Magical realism at its most entertaining and educational, the play follows Ruby from a freedom starved south to the lights of New York and artistic expression in Harlem. In one evening, the audience experiences with Ruby, the transforming narratives of Zora Neale Hurston, Paul Robeson, James Baldwin, W E B Dubois, Marcus Garvey and Ethel Waters among other figures.
Paul Campbell’s superior teaching skills are in evidence as he takes romantic leads Javia Richards and Hyven Charles and the rest of the 120-member cast through their paces in scene study and technical rehearsals in this ambitious production. Nothing escapes his attention whether costume improvement or the need for a quick huddle with choreographers Michael Forde and Wilhelmina Taylor. Bonner gushes at the opportunity to continue to open her students to this level of creative production.
There is more to the night than the staging of Ruby the Musical. Like Geoffrey Holder before him, Paul Campbell is an accomplished visual artist. He picked up painting while at the Jamaica School of Drama and never abandoned his brushes. His large canvases are a blend of surrealism and cubism, a nod to modern African art and lush elegant Caribbean vernacular. Some of his work will be on display at the student and staff exhibition and reception which precedes the performance. Bonner herself, post the School of Drama and well paid acting jobs, collected more degrees in theatre arts and literature in California and New York. Her activities extend beyond the stage. When asked what she will do after the play, Bonner replied, “I will return to my other babies, my two fiction novels that are pining for attention during this production.” She further confided that both herself and Campbell have their own stage productions in development and plan to tackle other projects as a team. That collaboration is promising for theatre on New York soil.
The art reception and play launch on June 14, 2015 at Boys and Girls High School.
Faith Nelson is a freelance writer in Washington DC.
Andrene Bonner, Playwright
Photo Credit: Yvonne Taylor
Paul Campbell, Director
Photo Credit: Ray Balgrove
Dr. Michael Wiltshire
Photo Credit: Medgar Evers Preparatory Collection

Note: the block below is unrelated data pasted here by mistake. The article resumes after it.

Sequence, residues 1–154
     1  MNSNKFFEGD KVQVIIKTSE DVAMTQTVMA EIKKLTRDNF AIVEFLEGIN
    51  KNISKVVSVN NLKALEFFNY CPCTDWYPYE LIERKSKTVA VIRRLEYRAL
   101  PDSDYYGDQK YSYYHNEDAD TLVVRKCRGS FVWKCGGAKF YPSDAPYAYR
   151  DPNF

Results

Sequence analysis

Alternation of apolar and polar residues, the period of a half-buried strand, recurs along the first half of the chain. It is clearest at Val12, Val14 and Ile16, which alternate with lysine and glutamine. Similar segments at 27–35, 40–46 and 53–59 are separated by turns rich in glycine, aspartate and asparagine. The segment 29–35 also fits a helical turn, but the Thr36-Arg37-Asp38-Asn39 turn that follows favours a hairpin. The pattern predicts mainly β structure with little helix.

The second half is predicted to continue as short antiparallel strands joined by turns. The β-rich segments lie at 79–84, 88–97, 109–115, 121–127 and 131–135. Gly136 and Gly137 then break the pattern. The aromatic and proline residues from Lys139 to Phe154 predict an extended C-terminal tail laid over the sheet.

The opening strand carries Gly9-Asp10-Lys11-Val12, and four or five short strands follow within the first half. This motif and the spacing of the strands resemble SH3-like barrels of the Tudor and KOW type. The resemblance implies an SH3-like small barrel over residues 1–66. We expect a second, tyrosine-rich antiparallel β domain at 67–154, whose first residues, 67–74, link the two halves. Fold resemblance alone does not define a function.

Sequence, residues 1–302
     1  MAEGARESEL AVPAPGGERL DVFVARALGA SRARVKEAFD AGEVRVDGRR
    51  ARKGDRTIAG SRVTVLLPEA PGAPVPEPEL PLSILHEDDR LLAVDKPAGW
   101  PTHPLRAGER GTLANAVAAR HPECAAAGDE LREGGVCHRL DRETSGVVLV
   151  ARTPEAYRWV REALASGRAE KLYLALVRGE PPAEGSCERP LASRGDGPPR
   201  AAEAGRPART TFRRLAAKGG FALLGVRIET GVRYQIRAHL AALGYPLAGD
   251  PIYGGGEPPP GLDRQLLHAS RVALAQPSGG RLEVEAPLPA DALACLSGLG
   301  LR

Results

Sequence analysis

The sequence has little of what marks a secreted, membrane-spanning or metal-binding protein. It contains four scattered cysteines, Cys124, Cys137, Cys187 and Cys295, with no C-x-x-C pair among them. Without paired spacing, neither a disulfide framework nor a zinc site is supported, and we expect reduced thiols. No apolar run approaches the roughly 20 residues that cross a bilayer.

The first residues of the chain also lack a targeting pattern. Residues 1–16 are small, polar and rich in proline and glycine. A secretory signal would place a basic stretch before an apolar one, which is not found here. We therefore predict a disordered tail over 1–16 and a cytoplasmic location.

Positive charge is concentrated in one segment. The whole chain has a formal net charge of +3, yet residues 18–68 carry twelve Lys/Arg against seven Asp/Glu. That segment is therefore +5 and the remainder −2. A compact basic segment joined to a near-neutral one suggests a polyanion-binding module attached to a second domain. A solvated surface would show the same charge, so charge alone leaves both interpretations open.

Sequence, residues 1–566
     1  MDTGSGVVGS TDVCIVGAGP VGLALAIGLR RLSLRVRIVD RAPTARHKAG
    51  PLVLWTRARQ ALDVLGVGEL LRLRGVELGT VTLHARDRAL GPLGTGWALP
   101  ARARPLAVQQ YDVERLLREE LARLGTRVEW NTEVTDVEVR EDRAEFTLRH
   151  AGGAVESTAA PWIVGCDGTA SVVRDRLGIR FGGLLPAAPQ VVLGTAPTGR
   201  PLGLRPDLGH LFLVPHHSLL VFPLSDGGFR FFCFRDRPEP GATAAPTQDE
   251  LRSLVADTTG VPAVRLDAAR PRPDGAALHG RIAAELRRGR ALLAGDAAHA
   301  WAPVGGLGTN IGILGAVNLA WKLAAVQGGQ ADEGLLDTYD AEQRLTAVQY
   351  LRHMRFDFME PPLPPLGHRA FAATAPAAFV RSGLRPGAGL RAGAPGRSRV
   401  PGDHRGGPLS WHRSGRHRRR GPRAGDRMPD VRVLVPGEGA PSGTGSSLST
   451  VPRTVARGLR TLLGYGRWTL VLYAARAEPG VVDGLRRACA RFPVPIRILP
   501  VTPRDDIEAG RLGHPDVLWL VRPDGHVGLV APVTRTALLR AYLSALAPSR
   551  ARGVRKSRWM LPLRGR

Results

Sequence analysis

June 8, 2015
June 1, 2015
There has been an amplification in incidences of reported child sexual abuse in Jamaica. Lavern Deer, President, Jamaica International Female Football Development Inc. (JIFFD), Dr. Susan Davis, former Jamaica Diaspora Advisory Board Representative for Southern USA, Dona-Lee Raymond, a concerned citizen, and other members of the Diaspora, have consequently joined forces with ‘EVE For Life’ (EVE) in Jamaica to take immediate action!.
“For the past 20 years, in Jamaica land we love, 20 per cent of girls and women consistently report that they have been forced to have sex. This means that ONE IN EVERY FIVE WOMEN IN JAMAICA has reported being raped or has had their bodies violated against their will as corroborated by the National Sexual and Reproductive Health Surveys.
In Jamaica, a total of 10,000 cases of child abuse were reported in 2013 alone, according to the Jamaican government statistics.
In America, The American Medical Association also states that:
• 1 in 3 girls are sexually abused before the age of 18.
• 1 in 5 boys are sexually abused before the age of 18.
• There were 307 report FORCIBLE RAPES in Broward County in 2012 and 309 reported FORCIBLE RAPES from January to June 2013
To achieve successful outcomes both locally and internationally, the newly formed Diaspora task force will focus on mobilizing community support, fundraising, public relations, and legislature.
The "NUH GUH DEH" – Jamaica Campaign is administered by EVE and is supported
by United Nations (UN) agencies including UNFPA, UNICEF, UNDP, UNAIDS,
UNESCO, and UN Women.
The “NUH GUH DEH” – Diaspora Campaign is administered by a JIFFD local task force, has the endorsement of the Consul General of Jamaica to Miami and support from elected officials such as Miramar Mayor, Wayne Messam and his office.
“This issue of child sexual abuse is a worldwide problem, and one which affects local communities. Of the thirty one Broward cities it is estimated that an average of two cases are reported per month, per city. With this in mind I am prepared to support the NGD initiative as it addresses the problem locally and internationally”
~Mayor Messam, City of Miramar
CALL TO ACTION